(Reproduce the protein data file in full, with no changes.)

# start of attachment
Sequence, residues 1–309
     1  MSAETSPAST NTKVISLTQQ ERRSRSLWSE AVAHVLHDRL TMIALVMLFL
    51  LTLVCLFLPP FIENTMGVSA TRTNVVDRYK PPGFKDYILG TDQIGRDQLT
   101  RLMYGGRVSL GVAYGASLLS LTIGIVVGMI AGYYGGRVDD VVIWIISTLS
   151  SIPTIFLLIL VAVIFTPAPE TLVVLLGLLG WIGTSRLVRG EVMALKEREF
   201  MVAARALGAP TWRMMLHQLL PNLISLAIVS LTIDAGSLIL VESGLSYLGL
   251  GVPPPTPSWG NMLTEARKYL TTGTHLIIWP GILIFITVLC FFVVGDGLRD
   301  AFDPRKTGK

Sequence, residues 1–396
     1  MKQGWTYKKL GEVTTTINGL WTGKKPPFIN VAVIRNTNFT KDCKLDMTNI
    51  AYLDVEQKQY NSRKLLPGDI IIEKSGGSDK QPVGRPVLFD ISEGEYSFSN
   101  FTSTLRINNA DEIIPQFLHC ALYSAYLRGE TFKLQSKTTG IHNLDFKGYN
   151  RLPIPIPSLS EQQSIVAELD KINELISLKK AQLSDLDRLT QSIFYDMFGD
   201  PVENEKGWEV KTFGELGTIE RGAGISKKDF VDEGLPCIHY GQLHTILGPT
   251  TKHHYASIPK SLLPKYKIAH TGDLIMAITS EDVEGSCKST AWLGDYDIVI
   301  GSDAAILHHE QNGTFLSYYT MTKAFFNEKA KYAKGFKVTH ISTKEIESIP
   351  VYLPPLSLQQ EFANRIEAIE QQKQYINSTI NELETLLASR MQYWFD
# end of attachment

Sequence, residues 1–309
     1  MSAETSPAST NTKVISLTQQ ERRSRSLWSE AVAHVLHDRL TMIALVMLFL
    51  LTLVCLFLPP FIENTMGVSA TRTNVVDRYK PPGFKDYILG TDQIGRDQLT
   101  RLMYGGRVSL GVAYGASLLS LTIGIVVGMI AGYYGGRVDD VVIWIISTLS
   151  SIPTIFLLIL VAVIFTPAPE TLVVLLGLLG WIGTSRLVRG EVMALKEREF
   201  MVAARALGAP TWRMMLHQLL PNLISLAIVS LTIDAGSLIL VESGLSYLGL
   251  GVPPPTPSWG NMLTEARKYL TTGTHLIIWP GILIFITVLC FFVVGDGLRD
   301  AFDPRKTGK

Sequence, residues 1–396
     1  MKQGWTYKKL GEVTTTINGL WTGKKPPFIN VAVIRNTNFT KDCKLDMTNI
    51  AYLDVEQKQY NSRKLLPGDI IIEKSGGSDK QPVGRPVLFD ISEGEYSFSN
   101  FTSTLRINNA DEIIPQFLHC ALYSAYLRGE TFKLQSKTTG IHNLDFKGYN
   151  RLPIPIPSLS EQQSIVAELD KINELISLKK AQLSDLDRLT QSIFYDMFGD
   201  PVENEKGWEV KTFGELGTIE RGAGISKKDF VDEGLPCIHY GQLHTILGPT
   251  TKHHYASIPK SLLPKYKIAH TGDLIMAITS EDVEGSCKST AWLGDYDIVI
   301  GSDAAILHHE QNGTFLSYYT MTKAFFNEKA KYAKGFKVTH ISTKEIESIP
   351  VYLPPLSLQQ EFANRIEAIE QQKQYINSTI NELETLLASR MQYWFD